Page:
The competition is beginning to heat up for the upcoming BC Winter Games, as archery trials for Zone 8 (the Cariboo-North East region) kick off Saturday, Nov. 30 in Williams Lake and Sunday, Dec 1 in Prince George.
The BC Winter Games take place every two years and are the province’s premier multi-sport event for young athletes, coaches and officials. To qualify for this year’s Games, athletes must be between the ages of 15 and 17 as of Dec. 31, 2020.
Archers from Quesnel will also be taking aim at a spot on the Zone 8 team. Two athletes, McKayla Bolitho and Alison Dewling, from Quesnel will be friendly competitors for the recurve bow position on the team.
“Unfortunately for them, they are both shooting the same bow so they are competing against each other for the same spot,” says Lora Lee-Murray, a local national archery champion and coach based out of the Quesnel River Archers Club, “but we have been preparing them by pitting them against each other for the last two months, creating many competitions within our club practices for them. We use all kinds of distracting techniques to keep them focused.”
Murray says the camaraderie is high for local athletes competing against each other.
“Probably the most amazing thing about archery is that at the line, we are competitors and then as soon as we walk off, if I shot a bad set, the guys beside me are cheering me on and me the same to them.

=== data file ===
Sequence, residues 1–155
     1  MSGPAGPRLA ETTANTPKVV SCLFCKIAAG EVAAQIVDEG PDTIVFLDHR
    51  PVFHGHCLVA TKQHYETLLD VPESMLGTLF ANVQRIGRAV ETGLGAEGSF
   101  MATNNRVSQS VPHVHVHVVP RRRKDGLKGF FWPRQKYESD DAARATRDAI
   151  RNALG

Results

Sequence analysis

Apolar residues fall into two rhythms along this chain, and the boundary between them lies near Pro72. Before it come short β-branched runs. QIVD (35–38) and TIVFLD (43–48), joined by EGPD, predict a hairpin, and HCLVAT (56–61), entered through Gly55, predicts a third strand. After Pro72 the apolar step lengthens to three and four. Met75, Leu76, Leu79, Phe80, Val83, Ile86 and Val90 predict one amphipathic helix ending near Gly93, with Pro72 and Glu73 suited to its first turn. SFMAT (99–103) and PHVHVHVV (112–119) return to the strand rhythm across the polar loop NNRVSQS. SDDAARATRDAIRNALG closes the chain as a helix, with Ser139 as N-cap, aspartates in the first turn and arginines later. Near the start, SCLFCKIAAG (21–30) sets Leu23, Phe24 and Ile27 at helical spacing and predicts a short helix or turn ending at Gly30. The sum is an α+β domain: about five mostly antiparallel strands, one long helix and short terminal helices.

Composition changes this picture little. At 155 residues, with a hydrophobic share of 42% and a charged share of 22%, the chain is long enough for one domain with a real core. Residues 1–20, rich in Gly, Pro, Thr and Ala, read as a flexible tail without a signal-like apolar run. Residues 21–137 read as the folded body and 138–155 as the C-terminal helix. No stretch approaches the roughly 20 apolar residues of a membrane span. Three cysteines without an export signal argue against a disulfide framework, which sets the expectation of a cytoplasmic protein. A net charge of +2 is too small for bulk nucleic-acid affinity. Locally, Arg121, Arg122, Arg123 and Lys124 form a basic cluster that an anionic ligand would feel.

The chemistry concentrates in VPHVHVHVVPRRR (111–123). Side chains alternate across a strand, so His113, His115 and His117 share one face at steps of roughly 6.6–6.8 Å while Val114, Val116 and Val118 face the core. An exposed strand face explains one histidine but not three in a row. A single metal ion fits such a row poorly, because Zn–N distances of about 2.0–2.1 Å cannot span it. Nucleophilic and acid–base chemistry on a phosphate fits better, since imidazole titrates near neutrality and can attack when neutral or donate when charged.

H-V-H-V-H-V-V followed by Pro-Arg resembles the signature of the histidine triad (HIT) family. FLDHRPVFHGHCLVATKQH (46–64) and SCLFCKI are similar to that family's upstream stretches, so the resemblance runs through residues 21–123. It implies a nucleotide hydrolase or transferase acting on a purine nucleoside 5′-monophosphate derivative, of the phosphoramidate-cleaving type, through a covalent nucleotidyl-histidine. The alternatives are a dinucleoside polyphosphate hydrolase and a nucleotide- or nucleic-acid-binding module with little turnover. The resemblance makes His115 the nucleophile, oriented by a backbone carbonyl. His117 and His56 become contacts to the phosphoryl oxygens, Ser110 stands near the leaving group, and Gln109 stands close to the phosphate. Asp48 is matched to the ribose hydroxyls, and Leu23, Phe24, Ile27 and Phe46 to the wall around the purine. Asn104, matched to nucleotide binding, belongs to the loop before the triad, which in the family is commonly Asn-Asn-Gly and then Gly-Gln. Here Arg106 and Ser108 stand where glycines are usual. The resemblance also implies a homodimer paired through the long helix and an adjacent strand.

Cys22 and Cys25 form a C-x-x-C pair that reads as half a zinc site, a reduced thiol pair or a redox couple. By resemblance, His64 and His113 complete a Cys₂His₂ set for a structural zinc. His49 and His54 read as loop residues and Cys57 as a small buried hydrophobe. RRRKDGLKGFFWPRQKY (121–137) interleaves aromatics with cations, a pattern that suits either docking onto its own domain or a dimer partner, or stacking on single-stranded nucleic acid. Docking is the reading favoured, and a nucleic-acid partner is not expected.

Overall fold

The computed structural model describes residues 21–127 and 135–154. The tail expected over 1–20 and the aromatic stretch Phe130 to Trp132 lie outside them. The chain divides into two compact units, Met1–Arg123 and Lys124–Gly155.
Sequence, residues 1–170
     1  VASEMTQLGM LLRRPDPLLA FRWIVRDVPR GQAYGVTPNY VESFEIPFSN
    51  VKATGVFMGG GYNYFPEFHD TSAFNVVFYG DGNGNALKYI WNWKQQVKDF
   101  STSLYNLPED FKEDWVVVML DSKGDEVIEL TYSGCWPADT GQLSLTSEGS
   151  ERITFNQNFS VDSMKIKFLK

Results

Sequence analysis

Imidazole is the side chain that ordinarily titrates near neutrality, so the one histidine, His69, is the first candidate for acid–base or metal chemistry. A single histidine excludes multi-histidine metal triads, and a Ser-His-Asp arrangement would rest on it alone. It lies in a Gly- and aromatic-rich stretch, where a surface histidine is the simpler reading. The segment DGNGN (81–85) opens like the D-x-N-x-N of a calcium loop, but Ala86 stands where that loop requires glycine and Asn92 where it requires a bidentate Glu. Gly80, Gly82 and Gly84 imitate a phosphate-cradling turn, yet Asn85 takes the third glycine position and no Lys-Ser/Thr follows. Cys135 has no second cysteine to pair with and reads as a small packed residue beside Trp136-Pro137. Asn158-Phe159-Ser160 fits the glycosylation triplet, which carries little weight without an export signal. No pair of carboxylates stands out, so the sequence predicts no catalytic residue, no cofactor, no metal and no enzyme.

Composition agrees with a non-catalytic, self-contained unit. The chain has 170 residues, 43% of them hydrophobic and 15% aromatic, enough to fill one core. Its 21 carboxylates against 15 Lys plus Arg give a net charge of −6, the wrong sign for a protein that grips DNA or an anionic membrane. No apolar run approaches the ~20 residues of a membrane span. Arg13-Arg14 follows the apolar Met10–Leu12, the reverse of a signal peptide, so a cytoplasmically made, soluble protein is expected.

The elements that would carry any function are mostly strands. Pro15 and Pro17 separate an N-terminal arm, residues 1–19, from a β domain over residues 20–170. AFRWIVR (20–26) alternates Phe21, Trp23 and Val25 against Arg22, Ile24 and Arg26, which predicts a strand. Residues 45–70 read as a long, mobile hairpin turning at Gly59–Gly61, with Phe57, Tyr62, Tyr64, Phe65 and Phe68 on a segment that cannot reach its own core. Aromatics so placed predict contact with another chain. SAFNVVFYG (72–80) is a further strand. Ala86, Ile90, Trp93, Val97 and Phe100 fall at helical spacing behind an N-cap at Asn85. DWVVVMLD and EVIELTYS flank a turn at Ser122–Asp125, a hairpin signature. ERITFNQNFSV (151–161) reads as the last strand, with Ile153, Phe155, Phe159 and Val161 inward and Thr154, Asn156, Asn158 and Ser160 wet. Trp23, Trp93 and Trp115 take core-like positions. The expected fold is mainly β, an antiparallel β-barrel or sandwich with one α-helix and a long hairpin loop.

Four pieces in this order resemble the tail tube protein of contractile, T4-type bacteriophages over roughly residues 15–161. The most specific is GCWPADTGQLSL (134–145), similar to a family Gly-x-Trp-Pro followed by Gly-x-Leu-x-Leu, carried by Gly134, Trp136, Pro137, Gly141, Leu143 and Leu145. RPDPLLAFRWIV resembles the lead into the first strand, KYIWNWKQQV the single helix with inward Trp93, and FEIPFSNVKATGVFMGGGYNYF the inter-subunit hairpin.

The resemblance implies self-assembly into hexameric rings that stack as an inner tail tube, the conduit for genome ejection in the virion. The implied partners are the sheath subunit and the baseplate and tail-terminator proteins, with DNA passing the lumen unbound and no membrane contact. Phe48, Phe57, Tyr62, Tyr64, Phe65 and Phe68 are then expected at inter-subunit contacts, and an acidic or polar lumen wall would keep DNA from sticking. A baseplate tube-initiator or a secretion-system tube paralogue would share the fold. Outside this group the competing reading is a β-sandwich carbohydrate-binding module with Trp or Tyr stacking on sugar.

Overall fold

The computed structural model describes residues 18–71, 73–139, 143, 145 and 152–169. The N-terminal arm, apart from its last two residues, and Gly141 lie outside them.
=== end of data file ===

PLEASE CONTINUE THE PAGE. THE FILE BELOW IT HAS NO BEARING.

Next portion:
“The kids are exactly the same way. On the line, they are focused, and off the line, they are friends.”
Williams Lake archer Al Campsall has been named the coach for the Zone 8 team, and he has high hopes that a few of the local youth from the area will make the team.
“There are some rising stars in the youth archery programs from our area,” Campsall says. “Ty Thurow has been consistently shooting over 297/300, with several 300/300 scores, in the last month. Ty has won 13 B.C. and six Canadian Championships and set four B.C. and Canadian archery records in the past five years. Isaac Bedford is not far behind Ty, finishing second to him in the last two B.C. Championships. His practice scores are consistently around 295/300. Additionally, Kylie Sharman started shooting only last year and recently shot her best score of 285/300. In her short tenure, she has made it to the podium for two silvers and a bronze in three B.C. Championships in 2019. My hope and expectation is that Ty, Isaac and Kylie shoot well enough to be chosen to the Zone 8 Team.”
The archers competing this weekend will find out if they have been selected to the Zone 8 team on Dec. 15 and will then begin training for the BC Winter Games, which take place Feb. 20-23 in Fort St. John.